In the war of words with ISIS, the West is off to a pretty bad start.
That’s crucial, because ultimately this is a competition not for territory but for hearts. And so when we describe terrorists as cowards, as our official propaganda still tends to do, we sound patently absurd. Someone who sets out to die in an attack may be sick or savage, but a coward? Kind of obvious, isn’t it? And research on the motives of Islamist radicals and suicide-attackers repeatedly reveals them to be not mindless brutes but committed, motivated individuals with clear and well-established goals. As Scott Atran wrote recently, the task would be so much easier if ISIS fighters were mindless; in fact, they’re much worse.
We might not like it, but ISIS offers its followers a positive vision of the future — positive not in its attractiveness, but in its expression of what it is for and not merely what it is against. Evidence suggests that this vision can exhilarate its supporters, and as importantly, can provide their surviving family members with prestige (and, not incidentally, often compensation). We have to ask ourselves if our own vision of the future is one that we are willing to die for it, as Westrners once did for democracy and liberty. Because ISIS fighters are willing to die for theirs.
Second, we must recognise the legitimate motives of those drawn to ISIS, and address them persuasively. To simply say they hate our freedom is to provide a reply that will leave the fields of potential recruits fertile soil for ISIS, because we are completely ignoring what might motivate disaffected youth in Western societies to radicalise. Crusades may welll be ancient history, but as I have written previously, the colonial exploitation that built our prosperity — and which created a world in which the poor, former subjects of the West felt the need to migrate to give their families better lives, which for some created a sense of inferiority only reinforced by hostile attitudes to immigrants — has created a rich seam of resentment ready to be exploited by opportunists who do hate us. At the time of 9/11, I was living in the Third World, and I recall the conflicted emotions I then felt: revulsion, but tinged with the sense that, as one similarly horrified colleague said, ‘the chickens are coming home to roost.’ Or as a somewhat less-compassionate observer then told me, ‘Now they know what it’s like.’
Third, as I noted in my most recent post post, Western countries must decide what they want most: their old ways, or their current prosperity. If they’re to keep the latter, they will need to make a positive space for newcomers, and allow them to adapt their new country’s cultures culture to their needs. Some Western societies have more capacity to do this than others. France may have it within itself to celebrate its diversity, embrace its Muslims and help them find a space in which they can flourish in a way that nurtures a tolerant Islam. But in the short term, ISIS appears to be gaining the upper hand: the surge of the far right is exactly what it wants to achieve, and the response of the left — to simply criticise the right as intolerant xenophobes — is itself the sort of negative discourse that the enemy wants to stir in us. We need to appreciate the legitimate concerns of those gravitating to the far right, and offer them a more positive vision of what the Western way has to offer than its nativism.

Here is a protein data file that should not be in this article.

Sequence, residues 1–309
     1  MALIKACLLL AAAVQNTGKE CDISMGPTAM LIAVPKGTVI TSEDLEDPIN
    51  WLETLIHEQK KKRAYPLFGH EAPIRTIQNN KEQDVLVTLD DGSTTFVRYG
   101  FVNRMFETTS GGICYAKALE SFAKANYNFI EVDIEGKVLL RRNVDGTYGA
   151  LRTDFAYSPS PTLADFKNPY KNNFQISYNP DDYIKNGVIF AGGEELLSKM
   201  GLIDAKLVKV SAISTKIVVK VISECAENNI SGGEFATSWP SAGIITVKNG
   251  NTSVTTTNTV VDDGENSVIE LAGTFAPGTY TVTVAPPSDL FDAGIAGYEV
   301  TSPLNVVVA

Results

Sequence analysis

It is not unreasonable for people to express anxiety that immigration challenges their way of life. As the examples of relatively-successful immigrant societies like Canada reveal, cultures must indeed change a lot to accommodate large-scale immigration. Those who advocate it must therefore make their case why the hybrid society which would emerge from immigration would be one worth having. If they can’t, they should more honestly reconsider their case, and take more seriously the alternative vision proposed by the nativists.
Twenty years ago the British Prime Minister John Major told his fellow Conservatives that ‘fifty years from now Britain will still be the country of long shadows on county grounds, warm beer, invincible green suburbs, dog lovers and pools fillers and - as George Orwell said - “old maids bicycling to Holy Communion through the morning mist.”’ But in fact, mosque attendance today rivals church attendance in the UK, while most of those attending church aren’t village maidens but immigrants. That’s not necessarily a bad thing. Visit a church in Brixton, the multi-cultural neighbourhood in south London where I make my home, and you’ll discover a renewed vitality that is positively enriching. But the culture developing in such neighbourhoods on the frontier of the emerging Britain may not be what those Mr. Major — himself a native Brixtonian — was trying to reassure, had in mind: either we accept a different country from what we knew, or if we want to cling to the old ways, we accept the price tag that goes with it.
Finally, we need to set aside the parochialism that reduces the conflict to a ‘clash of civilizations’ between Islam and the West. This is not a war between Islam and the West. As revealed by a nearly-simultaneous attack in Beirut, which the Western media largely ignored, this is not a battle between Islam and the West so much as a battle between one particularly-militant and intolerant brand of Islam and most everyone else. And if we continue to ignore the massive toll of suffering in non-Western societies, we can hardly hold up our supposed civilization as a model for everyone else. If you were a citizen of a Third-World country and faced such callous disregard for your suffering, might you not also start to look elsewhere for inspiration?